Postural care is gentle form of therapy used to protect body shape.

Postural care needs to be reasonably constant day and night. A person with movement problems during the day continues to experience difficulties moving at night. And that immobility leads to changes in body shape, then it is logical that influencing the position at night will lead to less damage being caused. Night -time positioning may also be used to make the individual more comfortable. Therapeutic night- time positioning can be achieved by placing pillows, bolsters etc or by a specially designed positioning system. The Simple Stuff Positioning System is designed to be a comfortable, hygienic and safe to use system that reduces the risks of body shape distortion I can help and support families to self -manage postural care.

Auditory intervention

All listening techniques involve listening to specifically modulated music through high quality head phones. They are modulated and filtered by electronic means. Physiokids offers 2 auditory programs:

  • SAMONAS Sound Therapy
  • Therapeutic Listening

SAMONAS Sound Therapy

Ingo Steinbach is the developer of SAMONAS Sound Therapy who has created a recording method in which the spatial essence of the recording is optimally preserved and the high harmonics of the music are “activated” in order to be energizing and regulating. The CD’s are especially beneficial for refinement of modulation, attention, and higher level motor and communication skills.

Therapeutic Listening®

Therapeutic Listening is an expansion of Sensory Integration. It is an auditory intervention that uses organized sound patterns inherent in music to impact all levels of the nervous system. The emphasis of TL is on blending sound intervention strategies with postural, movement, and respiratory activities. Therapeutic Listening uses CD’s that vary in musical style, types of filtering, and level of complexity. The music on the CD’s is electronically altered to elicit the orienting response which sets up the body for sustained and active listening. The auditory intervention programs coupled with Sensory Integration work on improving:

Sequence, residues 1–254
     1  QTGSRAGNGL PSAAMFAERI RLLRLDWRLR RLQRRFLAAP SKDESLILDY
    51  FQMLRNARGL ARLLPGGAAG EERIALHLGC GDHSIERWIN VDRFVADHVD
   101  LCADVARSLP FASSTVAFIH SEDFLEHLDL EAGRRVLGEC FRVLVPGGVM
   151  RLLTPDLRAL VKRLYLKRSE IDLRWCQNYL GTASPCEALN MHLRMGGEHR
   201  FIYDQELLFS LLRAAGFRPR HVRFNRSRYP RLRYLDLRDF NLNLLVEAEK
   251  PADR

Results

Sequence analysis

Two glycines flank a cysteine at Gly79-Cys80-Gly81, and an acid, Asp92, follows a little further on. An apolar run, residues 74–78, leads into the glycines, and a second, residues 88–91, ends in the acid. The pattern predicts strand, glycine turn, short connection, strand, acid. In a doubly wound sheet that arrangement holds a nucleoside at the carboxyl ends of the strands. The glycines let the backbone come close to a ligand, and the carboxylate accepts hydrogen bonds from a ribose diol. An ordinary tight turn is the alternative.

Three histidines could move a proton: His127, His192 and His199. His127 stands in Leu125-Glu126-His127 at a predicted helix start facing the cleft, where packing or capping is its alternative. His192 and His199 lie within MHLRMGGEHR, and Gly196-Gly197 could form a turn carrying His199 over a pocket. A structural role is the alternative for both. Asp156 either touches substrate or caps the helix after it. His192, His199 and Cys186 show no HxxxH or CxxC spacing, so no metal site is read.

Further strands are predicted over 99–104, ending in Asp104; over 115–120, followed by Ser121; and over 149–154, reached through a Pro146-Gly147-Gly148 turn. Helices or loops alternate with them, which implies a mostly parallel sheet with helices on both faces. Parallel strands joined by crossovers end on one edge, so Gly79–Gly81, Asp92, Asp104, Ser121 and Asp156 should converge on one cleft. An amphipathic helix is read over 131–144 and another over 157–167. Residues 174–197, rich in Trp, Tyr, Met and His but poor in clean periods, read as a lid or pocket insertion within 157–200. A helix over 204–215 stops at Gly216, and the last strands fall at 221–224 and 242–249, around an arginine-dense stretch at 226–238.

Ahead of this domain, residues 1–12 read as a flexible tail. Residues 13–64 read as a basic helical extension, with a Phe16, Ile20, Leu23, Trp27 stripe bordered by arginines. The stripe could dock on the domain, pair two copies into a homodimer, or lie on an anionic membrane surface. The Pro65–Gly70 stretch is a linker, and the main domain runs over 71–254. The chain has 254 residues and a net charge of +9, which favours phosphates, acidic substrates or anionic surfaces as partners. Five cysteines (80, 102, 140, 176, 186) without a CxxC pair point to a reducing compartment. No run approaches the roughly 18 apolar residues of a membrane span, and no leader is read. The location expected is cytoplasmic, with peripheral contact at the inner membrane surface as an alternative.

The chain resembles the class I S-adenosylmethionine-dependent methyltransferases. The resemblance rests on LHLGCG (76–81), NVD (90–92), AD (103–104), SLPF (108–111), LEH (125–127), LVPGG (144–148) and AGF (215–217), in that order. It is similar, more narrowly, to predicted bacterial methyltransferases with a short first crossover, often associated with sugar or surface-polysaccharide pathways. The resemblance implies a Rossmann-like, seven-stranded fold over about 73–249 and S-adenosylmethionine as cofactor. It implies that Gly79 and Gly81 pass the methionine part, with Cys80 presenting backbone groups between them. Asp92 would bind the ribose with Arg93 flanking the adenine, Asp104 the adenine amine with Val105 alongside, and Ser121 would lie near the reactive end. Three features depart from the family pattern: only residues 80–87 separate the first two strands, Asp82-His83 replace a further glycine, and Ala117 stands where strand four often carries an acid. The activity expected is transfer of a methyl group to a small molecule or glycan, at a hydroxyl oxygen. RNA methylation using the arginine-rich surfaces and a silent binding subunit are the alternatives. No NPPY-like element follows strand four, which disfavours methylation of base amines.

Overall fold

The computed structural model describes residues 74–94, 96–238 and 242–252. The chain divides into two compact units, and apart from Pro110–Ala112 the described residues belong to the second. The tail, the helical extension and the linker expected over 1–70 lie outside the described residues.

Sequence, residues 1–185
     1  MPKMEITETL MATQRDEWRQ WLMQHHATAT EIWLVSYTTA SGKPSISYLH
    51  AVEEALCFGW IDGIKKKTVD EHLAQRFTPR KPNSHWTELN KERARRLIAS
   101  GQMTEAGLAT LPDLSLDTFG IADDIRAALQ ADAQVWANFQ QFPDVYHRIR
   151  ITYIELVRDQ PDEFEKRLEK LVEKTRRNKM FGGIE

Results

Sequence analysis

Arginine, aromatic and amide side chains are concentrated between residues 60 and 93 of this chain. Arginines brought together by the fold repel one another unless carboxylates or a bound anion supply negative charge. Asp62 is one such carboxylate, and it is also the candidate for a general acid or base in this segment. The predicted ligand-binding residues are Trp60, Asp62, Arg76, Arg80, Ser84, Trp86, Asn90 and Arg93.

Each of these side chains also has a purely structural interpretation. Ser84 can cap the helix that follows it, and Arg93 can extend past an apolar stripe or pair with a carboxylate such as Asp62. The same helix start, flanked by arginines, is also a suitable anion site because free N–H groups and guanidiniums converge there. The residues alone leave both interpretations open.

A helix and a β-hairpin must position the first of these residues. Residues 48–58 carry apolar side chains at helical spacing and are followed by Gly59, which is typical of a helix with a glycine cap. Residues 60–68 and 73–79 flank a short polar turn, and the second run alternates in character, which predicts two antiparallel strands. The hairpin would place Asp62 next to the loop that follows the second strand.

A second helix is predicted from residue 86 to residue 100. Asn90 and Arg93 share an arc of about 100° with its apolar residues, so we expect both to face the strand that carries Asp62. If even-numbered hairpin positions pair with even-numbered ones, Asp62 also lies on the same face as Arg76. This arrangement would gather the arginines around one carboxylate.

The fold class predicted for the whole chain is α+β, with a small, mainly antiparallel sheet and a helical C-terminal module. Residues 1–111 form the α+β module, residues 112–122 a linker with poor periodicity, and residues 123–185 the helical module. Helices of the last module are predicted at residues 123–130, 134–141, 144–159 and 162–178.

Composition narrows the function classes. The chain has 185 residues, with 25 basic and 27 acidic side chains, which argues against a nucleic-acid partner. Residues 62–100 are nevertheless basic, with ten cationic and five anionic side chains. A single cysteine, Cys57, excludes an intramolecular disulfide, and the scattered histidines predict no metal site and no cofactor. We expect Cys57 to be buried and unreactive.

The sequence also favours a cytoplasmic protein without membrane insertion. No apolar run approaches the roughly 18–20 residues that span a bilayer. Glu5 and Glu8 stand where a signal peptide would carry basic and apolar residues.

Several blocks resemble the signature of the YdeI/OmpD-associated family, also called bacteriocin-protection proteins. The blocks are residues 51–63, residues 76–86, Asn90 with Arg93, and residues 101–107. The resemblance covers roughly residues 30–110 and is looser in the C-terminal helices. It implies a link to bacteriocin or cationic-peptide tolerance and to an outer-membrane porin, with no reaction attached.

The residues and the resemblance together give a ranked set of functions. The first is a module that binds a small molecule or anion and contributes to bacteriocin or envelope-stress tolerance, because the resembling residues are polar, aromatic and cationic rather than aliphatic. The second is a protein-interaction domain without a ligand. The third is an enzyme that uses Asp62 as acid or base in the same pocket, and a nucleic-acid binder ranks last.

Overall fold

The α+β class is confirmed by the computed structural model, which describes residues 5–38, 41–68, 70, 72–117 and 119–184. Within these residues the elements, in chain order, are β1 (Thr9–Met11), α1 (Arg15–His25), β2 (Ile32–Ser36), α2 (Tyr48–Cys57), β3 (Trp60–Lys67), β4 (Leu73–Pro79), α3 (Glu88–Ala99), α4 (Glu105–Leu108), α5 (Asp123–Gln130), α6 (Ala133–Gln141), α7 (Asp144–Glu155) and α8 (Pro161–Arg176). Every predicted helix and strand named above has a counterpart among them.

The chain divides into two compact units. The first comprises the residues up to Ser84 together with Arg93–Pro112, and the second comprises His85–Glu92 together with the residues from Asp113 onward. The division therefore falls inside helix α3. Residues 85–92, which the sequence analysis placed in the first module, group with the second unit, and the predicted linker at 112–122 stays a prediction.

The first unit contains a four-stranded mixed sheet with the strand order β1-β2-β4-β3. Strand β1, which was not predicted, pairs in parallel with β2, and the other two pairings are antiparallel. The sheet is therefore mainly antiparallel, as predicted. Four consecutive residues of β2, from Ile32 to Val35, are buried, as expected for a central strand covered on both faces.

• Attention
  • Organized behaviour
  • Self regulation
  • Postural control
  • Bilateral coordination
  • Praxis
  • Fine motor control
  • Oral motor/articulation
  • Social skills
  • Communication
  • Visual motor integration
The CD’s of both auditory intervention programs are utilized both during treatment sessions and as part of a home program

CME

CME stands for Cuevas Medek Exercise, is a physical therapy approach for children to develop gross motor skills in infants and children with movement disorders due to neurological dysfunction. The approach was created and developed by Ramon Cuevas, Chilean physiotherapist during the early seventies in Caracas, Venezuela. The therapy can be applied to children from 3 months of age until they achieve and control independent walking.

Because the CME practitioner needs to expose the child to the influence of gravity, by providing distal support, the use of the therapy may be limited by the child’s size and weight. The core idea of CME therapy is to provoke automatic postural reactions that contribute to the postural control, which is necessary to perform basic gross motor activities such as sitting, standing and walking. The specific set of exercises promote postural responses against gravity using increasingly distal support. Exercises start on the Medek table but as soon as the child is able to stand with ankle support, we move to the floor to use the Medek equipment which consists out of seven different wooden pieces to be used to challenge the child’s sense of balance.